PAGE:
The largest study that has ever been done on women, from the Women’s Health Initiative, produced some major health lessons and recommendations for living a healthier life.
Up to now, the majority of scientific research has been conducted on white men, making it pretty difficult to know how to treat conditions affecting other populations, especially women.
Here’s an example:
Long-term use of the hormones estrogen and progestin have been prescribed by doctors for years. They seemed to help women manage uncomfortable symptoms during and after menopause…
- The thinking was that it “helped them feel better.”
So, the National Institutes of Health launched the largest study ever focused exclusively on women. They called it the Women’s Health Initiative (WHI).
➡ The research project recruited 68,132 postmenopausal women to participate.
➡ They were divided into groups, some took just estrogen, some took both estrogen and progestin and the rest took placebos, a harmless pill with no therapeutic effect, usually prescribed more for the psychological benefit to the patient than for any physiological effect.
After monitoring these women over a ten year period, the researchers stopped the trials early, in 2002 and 2004, because it became very clear that hormones posed serious health risks to the women.
However, the researchers have continued to follow up with these women and have tested several other interventions on the group such as Low-Fat diets and taking Vitamin D and Calcium supplements.
This body of research is now accessible to other researchers as well, so we’re looking for great strides to be made in the management of medications prescribed to women.
The results have led to better treatment and care for millions of women, decreasing healthcare spending and increasing their quality of life.
Here are some of the most important findings from these studies:
1. Long-term use of estrogen and progestin increases the risk of breast cancer, heart attack, stroke, and blood clots.
While these results have caused doctors to reconsider or stop prescribing long-term hormone replacement, women are encouraged to make a personal decision based on their own risk factors.
For example, if a woman has a very low family history of breast cancer and heart disease, but a high risk of colon cancer and osteoporosis, she may choose to take the hormones.
➡ These hormones are believed to be safe when prescribed for just a short time around menopause, to manage symptoms.
➡ The data also revealed that they may also extend the life expectancy for women who have had hysterectomies, so be sure to talk to your doctor about your specific needs.
2. Low-fat diets are good, but not enough to reduce your risk of some cancers or heart disease.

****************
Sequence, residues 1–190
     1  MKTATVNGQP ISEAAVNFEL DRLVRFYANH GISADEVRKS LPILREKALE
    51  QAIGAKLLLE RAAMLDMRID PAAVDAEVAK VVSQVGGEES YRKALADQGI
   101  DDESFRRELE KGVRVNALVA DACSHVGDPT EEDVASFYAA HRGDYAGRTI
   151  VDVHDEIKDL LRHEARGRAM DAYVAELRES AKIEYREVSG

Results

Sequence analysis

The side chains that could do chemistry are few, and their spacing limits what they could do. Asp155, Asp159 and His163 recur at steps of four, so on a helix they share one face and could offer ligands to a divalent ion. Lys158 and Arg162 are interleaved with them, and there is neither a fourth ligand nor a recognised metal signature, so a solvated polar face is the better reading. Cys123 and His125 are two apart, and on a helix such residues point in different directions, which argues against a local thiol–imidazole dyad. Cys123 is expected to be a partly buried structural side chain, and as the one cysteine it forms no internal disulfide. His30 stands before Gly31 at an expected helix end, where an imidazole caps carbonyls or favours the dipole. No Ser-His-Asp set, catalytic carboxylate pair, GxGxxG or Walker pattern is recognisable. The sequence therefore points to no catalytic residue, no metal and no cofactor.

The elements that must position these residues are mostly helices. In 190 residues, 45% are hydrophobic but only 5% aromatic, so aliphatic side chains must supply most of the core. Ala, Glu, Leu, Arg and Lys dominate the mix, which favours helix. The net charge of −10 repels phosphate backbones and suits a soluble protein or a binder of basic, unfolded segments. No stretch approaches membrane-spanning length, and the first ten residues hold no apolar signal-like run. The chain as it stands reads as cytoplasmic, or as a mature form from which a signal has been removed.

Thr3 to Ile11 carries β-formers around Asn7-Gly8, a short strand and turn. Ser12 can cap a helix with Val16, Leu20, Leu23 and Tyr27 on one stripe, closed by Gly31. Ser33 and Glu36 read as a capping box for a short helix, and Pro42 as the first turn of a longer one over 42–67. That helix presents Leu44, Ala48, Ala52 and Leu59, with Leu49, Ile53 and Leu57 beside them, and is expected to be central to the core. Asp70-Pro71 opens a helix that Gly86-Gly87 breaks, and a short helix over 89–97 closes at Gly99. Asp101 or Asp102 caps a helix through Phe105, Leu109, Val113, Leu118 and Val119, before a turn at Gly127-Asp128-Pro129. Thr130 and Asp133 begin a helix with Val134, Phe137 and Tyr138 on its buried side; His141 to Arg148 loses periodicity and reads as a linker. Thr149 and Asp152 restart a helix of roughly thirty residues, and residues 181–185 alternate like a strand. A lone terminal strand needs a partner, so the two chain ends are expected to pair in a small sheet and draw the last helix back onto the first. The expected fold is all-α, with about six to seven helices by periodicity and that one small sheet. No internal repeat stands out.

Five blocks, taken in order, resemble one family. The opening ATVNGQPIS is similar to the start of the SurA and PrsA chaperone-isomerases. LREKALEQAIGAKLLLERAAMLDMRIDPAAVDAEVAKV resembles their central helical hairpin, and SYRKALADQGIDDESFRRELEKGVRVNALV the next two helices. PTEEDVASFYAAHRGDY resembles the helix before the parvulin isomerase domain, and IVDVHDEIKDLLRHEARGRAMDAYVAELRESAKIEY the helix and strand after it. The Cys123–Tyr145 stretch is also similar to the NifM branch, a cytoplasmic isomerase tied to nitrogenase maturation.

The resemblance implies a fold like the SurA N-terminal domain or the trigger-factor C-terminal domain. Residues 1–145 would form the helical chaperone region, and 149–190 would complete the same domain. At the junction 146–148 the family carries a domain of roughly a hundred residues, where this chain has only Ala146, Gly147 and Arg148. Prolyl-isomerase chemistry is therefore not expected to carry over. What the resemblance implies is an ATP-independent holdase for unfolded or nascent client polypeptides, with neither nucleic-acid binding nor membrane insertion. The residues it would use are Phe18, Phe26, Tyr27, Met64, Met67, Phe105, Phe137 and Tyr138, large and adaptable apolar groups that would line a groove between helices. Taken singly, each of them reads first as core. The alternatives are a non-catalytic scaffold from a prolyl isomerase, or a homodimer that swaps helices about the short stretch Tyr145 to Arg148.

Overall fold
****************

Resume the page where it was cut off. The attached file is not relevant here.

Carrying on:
The researchers asked some of the participants to eat a low-fat diet and then compared how this affected their risk of various diseases.
The results, published in the Journal Of The American Medical Association, found that a low-fat diet alone was not enough to significantly impact women’s risk of cardiovascular disease, breast cancer, or colorectal cancer.
You know what’s coming next:
The researchers concluded that more dramatic lifestyle changes, including increased exercise, are necessary to lower the risk of developing these diseases.
3. Taking vitamin D and calcium may not be worth it.
Some of the women in the study were given calcium and vitamin D supplements, while others were not.
➡ Neither did taking the supplements lower the risk of colorectal cancer. They did, however, increase the risk of kidney stones.
4. Ditch diet soda.
➡ The WHI research showed that menopausal women who reported drinking two or more diet sodas per day had a higher risk of heart attack, stroke, and other heart problems, and of course, there are plenty of other reasons to avoid artificial sweeteners. (Read about it here).
5. If you’re at high risk for *melanoma, aspirin might help.
*Melanoma is a new or unusual growth in an existing mole.
➡ If recognized and treated early, melanoma is almost always curable, but if it’s not, cancer can advance and spread to other parts of the body, becoming hard to treat and potentially fatal.
Researchers analyzed the data from the WHI observational study and found that women who took aspirin regularly had a 20 percent lower risk of melanoma than women who didn’t.
The correlation was strong — the longer the women took aspirin, the lower their risk.
Aspirin comes with its own benefits and drawbacks, however, so talk to your doctor before adding it to your routine. click on this link for more information from Mayo Clinic about the potential effects of aspirin, even in low doses.